Erica Brown

Hersh’s letter

To bring the hostages home, we are storming the heavens by writing a new Torah scroll together - a community of words that bring redemption
Rachel Goldberg-Polin and Jon Polin, parents of hostage Hersh Goldberg-Polin, then 201 days since October 7 (now Day 279), from a video statement pleading for a hostage deal and urging Hersh to stay strong and survive, April 24, 2024. (Courtesy, via The Times of Israel)
Rachel Goldberg-Polin and Jon Polin, parents of hostage Hersh Goldberg-Polin, then 201 days since October 7 (now Day 279), from a video statement pleading for a hostage deal and urging Hersh to stay strong and survive, April 24, 2024. (Courtesy, via The Times of Israel)

“We are in such a dark chapter,” Rachel Goldberg-Polin wrote to me recently. “There are no words in any languages to articulate what we feel and endure each day.”

Rachel and Jon, we will never understand what you are experiencing. Every hostage family endures pain that is punishing and distinctive. There are limits of language. You don’t have to be Wittgenstein to know that. If you’ve ever been in love, it’s hard to find the language. Words are always inadequate to the feeling mystics describe of their ineffable peak spiritual experiences. And then there’s grief and suffering. It has a lexicon all its own. Its main feature is profound silence.

But sometimes pain becomes a cry, and a cry turns into a word, and the word turns into a pathway to redemption. Rabbi Joseph Soloveitchik wrote in “Redemption, Prayer, Talmud Torah” that language liberates us: “When a people leaves a mute world and enters a world of sound, speech and song, it becomes a redeemed world, a free people…a mute world is identical with bondage; a speech-endowed life is a free life.”

In the midst of this darkness is a point of light, a letter. Recently, Jon said, “Let’s write a Torah!” Rachel wrote that this is one of a number of new initiatives “to storm the gates of heaven,” in the merit that Hersh and all the hostages be returned immediately. She hopes to engage those, “both far and wide, to help fulfill this rare mitzvah.”

The idea precipitated a ripple of excitement: “We are hopeful that by doing everything in all realms we can think of, we will merit the blessing of joyous news…in the blink of an eye.” Jon and Rachel want Jews from all over the world to have their own letters in this Torah so that Hersh and every other hostage is carried by this global, spiritual love.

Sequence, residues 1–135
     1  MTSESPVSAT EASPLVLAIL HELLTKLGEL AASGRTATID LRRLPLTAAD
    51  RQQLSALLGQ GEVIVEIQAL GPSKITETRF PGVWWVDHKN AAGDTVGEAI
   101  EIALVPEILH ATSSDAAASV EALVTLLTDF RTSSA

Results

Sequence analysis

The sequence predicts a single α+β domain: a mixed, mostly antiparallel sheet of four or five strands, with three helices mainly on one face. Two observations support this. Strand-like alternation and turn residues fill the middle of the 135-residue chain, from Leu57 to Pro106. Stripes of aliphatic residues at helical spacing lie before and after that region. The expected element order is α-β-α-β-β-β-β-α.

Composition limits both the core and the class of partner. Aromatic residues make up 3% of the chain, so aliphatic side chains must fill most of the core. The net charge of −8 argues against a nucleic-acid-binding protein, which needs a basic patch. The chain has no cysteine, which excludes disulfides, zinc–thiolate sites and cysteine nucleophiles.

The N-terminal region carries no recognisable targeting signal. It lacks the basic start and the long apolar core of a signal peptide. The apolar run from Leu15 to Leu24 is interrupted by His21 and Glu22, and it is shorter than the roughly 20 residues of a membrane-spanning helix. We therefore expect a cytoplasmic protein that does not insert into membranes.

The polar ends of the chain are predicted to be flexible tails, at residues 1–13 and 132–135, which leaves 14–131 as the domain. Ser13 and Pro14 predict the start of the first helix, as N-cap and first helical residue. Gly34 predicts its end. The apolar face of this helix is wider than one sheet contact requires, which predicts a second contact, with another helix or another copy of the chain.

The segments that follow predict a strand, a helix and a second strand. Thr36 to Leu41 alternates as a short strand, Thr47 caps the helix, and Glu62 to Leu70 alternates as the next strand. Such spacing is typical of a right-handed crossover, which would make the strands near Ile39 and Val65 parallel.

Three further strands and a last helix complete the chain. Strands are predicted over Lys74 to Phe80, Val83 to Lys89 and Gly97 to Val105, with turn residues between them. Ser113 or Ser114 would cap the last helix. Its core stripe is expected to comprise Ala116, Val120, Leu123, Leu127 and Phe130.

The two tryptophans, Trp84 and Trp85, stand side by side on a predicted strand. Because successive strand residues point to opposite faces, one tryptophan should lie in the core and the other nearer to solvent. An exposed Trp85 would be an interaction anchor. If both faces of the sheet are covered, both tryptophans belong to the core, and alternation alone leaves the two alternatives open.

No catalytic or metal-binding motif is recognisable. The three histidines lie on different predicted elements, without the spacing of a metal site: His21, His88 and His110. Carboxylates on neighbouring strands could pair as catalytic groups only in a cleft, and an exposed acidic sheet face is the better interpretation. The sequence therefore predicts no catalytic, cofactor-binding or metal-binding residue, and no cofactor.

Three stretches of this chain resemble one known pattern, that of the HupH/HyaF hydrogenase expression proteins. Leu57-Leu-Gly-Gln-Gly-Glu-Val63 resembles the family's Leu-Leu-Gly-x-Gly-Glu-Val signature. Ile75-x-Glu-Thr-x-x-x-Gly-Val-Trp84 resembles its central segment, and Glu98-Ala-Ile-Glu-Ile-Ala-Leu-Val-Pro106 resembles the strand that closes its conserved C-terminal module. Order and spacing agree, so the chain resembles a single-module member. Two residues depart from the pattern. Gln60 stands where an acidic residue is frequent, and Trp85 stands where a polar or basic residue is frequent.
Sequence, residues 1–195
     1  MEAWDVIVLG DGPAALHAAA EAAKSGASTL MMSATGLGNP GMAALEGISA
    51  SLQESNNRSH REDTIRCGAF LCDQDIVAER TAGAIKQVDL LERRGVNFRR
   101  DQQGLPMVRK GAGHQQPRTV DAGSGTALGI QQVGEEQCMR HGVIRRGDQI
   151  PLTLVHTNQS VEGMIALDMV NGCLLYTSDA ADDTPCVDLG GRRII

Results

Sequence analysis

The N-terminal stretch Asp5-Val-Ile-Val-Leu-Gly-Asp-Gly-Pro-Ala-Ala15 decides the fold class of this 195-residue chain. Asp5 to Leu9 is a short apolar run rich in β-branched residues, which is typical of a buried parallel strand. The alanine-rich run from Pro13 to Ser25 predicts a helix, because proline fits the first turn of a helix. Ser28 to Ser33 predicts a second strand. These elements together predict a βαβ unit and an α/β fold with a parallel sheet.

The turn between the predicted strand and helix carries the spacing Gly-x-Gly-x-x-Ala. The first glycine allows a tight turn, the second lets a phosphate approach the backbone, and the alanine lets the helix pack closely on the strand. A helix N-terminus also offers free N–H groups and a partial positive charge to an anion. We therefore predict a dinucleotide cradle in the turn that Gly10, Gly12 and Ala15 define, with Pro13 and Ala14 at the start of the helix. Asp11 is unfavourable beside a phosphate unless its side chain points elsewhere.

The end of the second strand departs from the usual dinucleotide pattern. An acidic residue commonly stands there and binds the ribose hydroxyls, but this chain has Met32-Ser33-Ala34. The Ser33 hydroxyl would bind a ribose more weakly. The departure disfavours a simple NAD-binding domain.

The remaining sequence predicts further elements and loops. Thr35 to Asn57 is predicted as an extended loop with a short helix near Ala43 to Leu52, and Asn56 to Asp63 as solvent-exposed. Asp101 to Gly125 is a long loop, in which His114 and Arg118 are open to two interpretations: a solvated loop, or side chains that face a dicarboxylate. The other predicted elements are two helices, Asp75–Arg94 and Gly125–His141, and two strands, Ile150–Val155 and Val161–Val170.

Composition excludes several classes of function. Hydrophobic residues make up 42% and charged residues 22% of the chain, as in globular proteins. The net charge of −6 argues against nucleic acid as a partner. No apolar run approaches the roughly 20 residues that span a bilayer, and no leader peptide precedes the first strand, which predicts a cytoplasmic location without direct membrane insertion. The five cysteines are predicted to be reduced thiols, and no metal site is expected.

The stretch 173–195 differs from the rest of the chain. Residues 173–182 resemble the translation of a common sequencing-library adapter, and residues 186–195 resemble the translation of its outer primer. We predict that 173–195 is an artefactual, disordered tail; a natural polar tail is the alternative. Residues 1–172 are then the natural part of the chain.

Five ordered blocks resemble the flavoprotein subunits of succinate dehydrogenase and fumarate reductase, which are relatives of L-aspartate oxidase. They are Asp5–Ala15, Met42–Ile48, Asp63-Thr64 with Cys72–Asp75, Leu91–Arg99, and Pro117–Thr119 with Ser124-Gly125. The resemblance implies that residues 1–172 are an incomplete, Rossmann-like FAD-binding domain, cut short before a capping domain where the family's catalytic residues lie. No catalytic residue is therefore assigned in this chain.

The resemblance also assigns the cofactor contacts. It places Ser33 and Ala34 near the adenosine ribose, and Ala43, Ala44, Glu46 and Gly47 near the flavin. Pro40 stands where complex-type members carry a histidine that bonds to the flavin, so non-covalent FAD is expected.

Because the Torah is the map of Jewish meaning, the writing of a new Torah can be a source of great consolation. This past January, I participated in a Torah dedication in Ofakim to honor brothers Roi Chaim and Ariel Rafael Guri, who were killed on October 7th, defending their hometown from terrorists. Unable to bring them back, Shai Graucher, a one-man legend of kindness, asked Roi and Ariel’s parents if he could do anything in the world to bring a drop of solace. Mrs. Guri asked for one thing only: a Torah dedicated to their memory to be housed and read in their yeshiva. It seemed as if the entire town came out that night. The Torah was danced to the exact spot where each young man was killed and then marched to their yeshiva, fulfilling the psalmist’s words, “we rally and gather strength” (Ps. 20:9).

That night, I learned that our relationship to the Torah is not only about its contents but also about its casing. We love the words and live by them. We also revere the scroll that holds all those words. We dress the Torah. We remove the scroll from the ark with tender love and song and return it the same way. Those who read it cannot touch the parchment directly. Those who bless it take the tallit’s fringes to kiss its letters. Before my children knew anything that was in the Torah, they were taken to the ark to welcome the Torah and bid it farewell when the public reading of it was finished. They kissed the crushed velvet of its covers and understood, without yet knowing why, its centrality in our family’s life.

Rabbi Jonathan Sacks, in A Letter in the Scroll: Understanding Our Jewish Identity and Exploring the Legacy of the World’s Oldest Religion, explains that we can see our lives through two prisms: coins or letters. Once a coin is spent it is gone forever. But letters, to have meaning, join each other in the creation of words that ultimately become the stories of our lives and continue to live on because they are shared. With that sharing, the letters ascend to the heights and are also handed down to our descendants. “Every Jew,” he writes, “is a letter. Each Jewish family is a word, every community a sentence, and the Jewish people at any one time are a paragraph.”

The Torah is our sacred text of eternity and redemption. “Still,” Rachel writes, “even during the most arduous and challenging times, the blueprint of our life is Torah. It anchors us to the world.” We have less than a week left to contribute our letter in this scroll and join with Hersh’s letter and the letters for every living hostage and in memory of those who are no longer with us to form a community of words that bring redemption. Please join me.

May each of those letters form words, and the words form sentences that become the ongoing story of our people, redeemed, safe, and free.

For the Jgive campaign for the dedication of a new Torah scroll in the merit of bringing home all of our beloved hostages, please see here.

For the details of the complete Week of Goodness campaign, beginning July 14, 2024, please see here.

About the Author
Dr. Erica Brown is the Vice Provost for Values and Leadership at Yeshiva University and the director of its Rabbi Lord Jonathan Sacks–Herenstein Center. Her latest book is Ecclesiastes and the Search for Meaning (Maggid Books).
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